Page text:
Living Colonial History

Let’s step back in time for a moment. Imagine a time with no Internet, no iPads, no television or radio, in fact, almost no one had electricity and there was very little indoor plumbing or running water. Women couldn’t vote white males owned African slaves. America is not a free country, yet, but still the subjects of the King of England. This is Williamsburg, VA in the 1700s, or as it is more commonly known – Colonial Williamsburg, one of the must-see tourist sites of the Mid-Atlantic.

When we arrived, our first quantum leap was into the Governor’s Palace. Our guide, dressed in the period frock of one of the Governor’s house workers, brought us into the house. Decorated for the period, with many of the furnishings actually owned by John Murray, fourth Earl of Dunmore when he lived here with his wife and young family, the house was lavish for the time, and substantially larger than most at three levels and nearly 3,400 square feet for the living quarters.

The first level of the home was exquisitely decorated with weapons of all kinds – muskets and swords of all sizes – and of course the royal coat of arms. The goal of course was to intimidate and inspire depending upon the guest – and we’re sure visitors got whichever message was appropriate.

The family quarters on the second floor were decorated in bright colors, beautiful wallpaper and elegant furniture. The living space was large for the colonial standard when many of the Governor’s subjects were living in a one room house, but small by the Murrays’ standards. In fact, the Governor and his wife were quite wealthy and owned a much larger home in England. In fact, the home they left behind in New York (prior to accepting the Virginia governorship) was even larger – likely a disappointment for he and his family.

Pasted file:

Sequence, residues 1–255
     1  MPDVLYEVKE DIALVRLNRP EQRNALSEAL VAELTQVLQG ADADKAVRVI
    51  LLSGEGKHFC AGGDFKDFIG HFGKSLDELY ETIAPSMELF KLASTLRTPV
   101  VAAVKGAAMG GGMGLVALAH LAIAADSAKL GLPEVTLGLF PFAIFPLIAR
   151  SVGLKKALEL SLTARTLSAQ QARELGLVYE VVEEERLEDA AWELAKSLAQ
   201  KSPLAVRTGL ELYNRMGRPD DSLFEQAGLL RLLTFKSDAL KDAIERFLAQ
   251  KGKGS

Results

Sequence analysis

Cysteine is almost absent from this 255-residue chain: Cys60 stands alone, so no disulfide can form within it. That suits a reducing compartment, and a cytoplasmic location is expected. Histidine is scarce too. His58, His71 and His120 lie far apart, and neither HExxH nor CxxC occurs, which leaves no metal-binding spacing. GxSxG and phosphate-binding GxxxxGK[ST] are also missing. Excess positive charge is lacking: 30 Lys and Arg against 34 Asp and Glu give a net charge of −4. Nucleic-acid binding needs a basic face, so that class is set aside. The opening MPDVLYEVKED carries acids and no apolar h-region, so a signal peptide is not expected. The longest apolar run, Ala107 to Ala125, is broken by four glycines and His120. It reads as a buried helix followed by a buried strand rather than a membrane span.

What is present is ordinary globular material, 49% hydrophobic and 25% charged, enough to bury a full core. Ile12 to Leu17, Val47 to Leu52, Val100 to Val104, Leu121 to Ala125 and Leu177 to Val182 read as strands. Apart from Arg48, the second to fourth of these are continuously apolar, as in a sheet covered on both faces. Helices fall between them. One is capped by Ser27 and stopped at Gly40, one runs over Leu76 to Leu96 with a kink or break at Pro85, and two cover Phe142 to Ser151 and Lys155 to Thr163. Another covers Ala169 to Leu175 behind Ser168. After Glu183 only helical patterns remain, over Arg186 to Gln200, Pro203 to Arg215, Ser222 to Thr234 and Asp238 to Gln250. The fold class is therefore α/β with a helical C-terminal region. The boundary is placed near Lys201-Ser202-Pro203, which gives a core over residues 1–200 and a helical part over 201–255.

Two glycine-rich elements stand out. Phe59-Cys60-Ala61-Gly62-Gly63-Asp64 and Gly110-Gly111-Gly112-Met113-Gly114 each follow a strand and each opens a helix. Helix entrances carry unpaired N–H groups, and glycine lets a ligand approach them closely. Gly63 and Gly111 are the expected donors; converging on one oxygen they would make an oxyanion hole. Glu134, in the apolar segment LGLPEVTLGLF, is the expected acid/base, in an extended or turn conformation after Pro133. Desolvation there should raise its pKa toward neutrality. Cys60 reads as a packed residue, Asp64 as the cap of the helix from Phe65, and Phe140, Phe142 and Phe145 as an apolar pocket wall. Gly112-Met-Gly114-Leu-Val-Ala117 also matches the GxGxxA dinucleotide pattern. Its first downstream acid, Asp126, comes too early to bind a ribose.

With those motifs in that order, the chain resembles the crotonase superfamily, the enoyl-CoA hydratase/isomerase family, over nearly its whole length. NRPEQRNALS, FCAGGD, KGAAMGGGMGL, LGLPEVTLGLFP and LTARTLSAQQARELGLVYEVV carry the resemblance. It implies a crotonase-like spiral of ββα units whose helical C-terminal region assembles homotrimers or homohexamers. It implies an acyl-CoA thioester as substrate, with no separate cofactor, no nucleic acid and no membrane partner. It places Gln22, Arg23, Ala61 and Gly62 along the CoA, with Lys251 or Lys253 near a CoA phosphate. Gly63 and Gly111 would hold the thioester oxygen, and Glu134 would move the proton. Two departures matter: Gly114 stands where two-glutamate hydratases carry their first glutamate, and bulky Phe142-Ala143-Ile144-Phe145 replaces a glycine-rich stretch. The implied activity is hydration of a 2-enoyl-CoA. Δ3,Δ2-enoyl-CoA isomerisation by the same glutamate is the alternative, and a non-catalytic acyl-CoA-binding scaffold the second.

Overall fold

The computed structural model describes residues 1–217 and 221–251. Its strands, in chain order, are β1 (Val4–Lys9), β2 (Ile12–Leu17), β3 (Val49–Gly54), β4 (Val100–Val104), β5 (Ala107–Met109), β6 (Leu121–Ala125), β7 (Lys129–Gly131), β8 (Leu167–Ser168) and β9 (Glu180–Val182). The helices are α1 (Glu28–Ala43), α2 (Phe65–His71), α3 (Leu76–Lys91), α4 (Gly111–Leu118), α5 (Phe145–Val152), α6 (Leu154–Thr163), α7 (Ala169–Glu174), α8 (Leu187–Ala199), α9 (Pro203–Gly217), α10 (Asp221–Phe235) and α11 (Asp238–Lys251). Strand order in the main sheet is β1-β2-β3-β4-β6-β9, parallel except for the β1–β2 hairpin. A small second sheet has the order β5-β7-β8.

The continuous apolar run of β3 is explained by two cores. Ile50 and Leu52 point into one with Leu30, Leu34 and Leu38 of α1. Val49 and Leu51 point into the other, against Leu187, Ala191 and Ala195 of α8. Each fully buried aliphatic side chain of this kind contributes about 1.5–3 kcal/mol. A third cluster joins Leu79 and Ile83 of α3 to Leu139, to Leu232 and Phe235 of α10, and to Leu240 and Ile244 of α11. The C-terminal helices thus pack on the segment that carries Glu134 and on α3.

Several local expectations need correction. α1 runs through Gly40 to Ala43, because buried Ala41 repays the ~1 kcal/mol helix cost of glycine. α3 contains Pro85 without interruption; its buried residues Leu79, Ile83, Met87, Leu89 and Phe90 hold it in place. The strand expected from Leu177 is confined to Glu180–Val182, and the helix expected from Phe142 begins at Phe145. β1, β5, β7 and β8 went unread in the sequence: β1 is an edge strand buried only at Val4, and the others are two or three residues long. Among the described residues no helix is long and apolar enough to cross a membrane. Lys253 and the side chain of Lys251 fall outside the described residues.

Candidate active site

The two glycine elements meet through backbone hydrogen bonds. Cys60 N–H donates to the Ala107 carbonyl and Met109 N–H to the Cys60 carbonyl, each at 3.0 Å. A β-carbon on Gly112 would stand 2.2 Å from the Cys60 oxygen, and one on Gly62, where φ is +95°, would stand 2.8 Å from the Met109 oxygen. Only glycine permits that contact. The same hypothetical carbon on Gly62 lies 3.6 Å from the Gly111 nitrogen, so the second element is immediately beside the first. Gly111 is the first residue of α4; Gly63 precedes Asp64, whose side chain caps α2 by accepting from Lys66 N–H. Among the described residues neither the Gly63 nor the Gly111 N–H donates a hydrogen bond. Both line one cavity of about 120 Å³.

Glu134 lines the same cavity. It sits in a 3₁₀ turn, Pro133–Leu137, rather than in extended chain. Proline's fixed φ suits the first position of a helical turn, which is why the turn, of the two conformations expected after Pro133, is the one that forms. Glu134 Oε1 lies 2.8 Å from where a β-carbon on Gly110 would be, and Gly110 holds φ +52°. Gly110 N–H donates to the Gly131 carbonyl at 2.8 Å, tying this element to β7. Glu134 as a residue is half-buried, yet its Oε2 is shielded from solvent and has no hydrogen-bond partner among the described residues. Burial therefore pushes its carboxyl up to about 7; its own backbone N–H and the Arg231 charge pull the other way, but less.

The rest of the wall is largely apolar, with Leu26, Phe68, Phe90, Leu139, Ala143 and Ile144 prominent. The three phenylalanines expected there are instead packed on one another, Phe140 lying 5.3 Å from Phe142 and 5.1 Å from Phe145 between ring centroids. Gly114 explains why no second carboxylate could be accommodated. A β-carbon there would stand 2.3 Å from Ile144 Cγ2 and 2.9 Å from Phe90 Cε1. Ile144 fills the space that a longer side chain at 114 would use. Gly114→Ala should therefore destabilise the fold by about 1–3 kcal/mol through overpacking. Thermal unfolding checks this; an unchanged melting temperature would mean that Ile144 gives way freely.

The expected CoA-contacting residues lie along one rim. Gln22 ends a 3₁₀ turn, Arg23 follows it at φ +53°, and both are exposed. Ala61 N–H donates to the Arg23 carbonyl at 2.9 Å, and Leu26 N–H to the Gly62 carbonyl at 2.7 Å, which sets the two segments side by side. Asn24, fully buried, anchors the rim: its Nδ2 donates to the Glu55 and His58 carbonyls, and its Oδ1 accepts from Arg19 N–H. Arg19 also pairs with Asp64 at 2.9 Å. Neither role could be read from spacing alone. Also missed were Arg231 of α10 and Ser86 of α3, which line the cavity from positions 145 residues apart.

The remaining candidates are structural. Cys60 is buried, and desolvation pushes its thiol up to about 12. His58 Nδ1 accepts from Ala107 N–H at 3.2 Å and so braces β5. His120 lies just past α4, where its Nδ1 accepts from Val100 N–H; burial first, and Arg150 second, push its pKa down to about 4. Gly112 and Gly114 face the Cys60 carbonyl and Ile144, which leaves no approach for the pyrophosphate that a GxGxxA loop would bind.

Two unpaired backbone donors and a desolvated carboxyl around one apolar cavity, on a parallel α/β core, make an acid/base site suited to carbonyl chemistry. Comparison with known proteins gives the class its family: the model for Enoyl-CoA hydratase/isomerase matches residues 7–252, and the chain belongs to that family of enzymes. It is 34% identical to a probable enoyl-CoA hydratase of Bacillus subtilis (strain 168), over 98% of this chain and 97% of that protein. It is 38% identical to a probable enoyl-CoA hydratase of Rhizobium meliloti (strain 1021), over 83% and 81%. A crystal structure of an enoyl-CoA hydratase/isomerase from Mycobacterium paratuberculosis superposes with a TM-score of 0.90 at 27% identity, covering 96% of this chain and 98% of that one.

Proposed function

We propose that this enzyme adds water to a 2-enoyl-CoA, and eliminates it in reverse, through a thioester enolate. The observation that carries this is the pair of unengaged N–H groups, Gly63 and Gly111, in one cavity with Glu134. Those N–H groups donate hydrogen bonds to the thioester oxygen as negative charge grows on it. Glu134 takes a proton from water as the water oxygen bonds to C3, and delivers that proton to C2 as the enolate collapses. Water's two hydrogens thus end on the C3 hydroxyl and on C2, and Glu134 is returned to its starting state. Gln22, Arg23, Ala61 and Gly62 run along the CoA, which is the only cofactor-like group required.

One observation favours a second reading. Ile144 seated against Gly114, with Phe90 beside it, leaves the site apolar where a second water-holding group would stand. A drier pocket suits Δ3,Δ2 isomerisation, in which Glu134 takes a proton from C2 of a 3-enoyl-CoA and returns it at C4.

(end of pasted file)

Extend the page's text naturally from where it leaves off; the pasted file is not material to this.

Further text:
The grounds housed other sheds, reproduced on the original foundation plates, for meat salting and smoking, kitchen, scullery (where animals are prepared for eatin’) and a laundry. Perhaps the strangest outshed was the one called the “bath house” which we were told was not used for bathing, but as a “rinse” off spot for the Governor on those stiflingly hot Virginia summer days.

We then made our way towards  the Capitol. We made quick stops at the many shops and taverns along with a printing and bookmaking house and coffee house. The coffee house offered a free cup of coffee, tea or chocolate a.k.a. hot chocolate, an a chance for lunch with a full-on colonial re-enactor (fully in character, while many at other sites were not.) Each location offered brief tours with an abundance of information. For example, we learned:

  • Taverns, or “public houses,” in colonial days had to provide rooms (not beds), food and place to board your horse – so in practice, it was more like hotels of today.
  • Books were extremely expensive to purchase as the paper was made from cloth – literally old clothing. A piece of paper cost as much as schilling, and the books were bound in leather, making them available only to the wealthiest land owners. As a result, most of what we know about the average colonist is drawn archaeological evidence and from how these individuals were described by the wealthy.

The best part of the day was an amazing reenactment of Mrs. Washington’s historic visit to Williamsburg following the country’s entry into war with the British. She thanked the crowd for coming and interacted with many actors in the crowd. In particular she thanked one gentleman for his service and offered to pay for a doctor to look at his damaged leg. It was a heartwarming exchange and set the mood for the entire period.

After seeing multiple commercials when we were kids, it was pretty amazing to see this place in person, and would be a great place to take kids. The entire park is overwhelmingly large – with hundreds of building it is actually the largest living history site in the United States. There’s also Jamestown and Yorktown available to explore.

If you visit, plan for at least 2-3 days to see it all. We simply scratched the surface. For more information visit www.history.org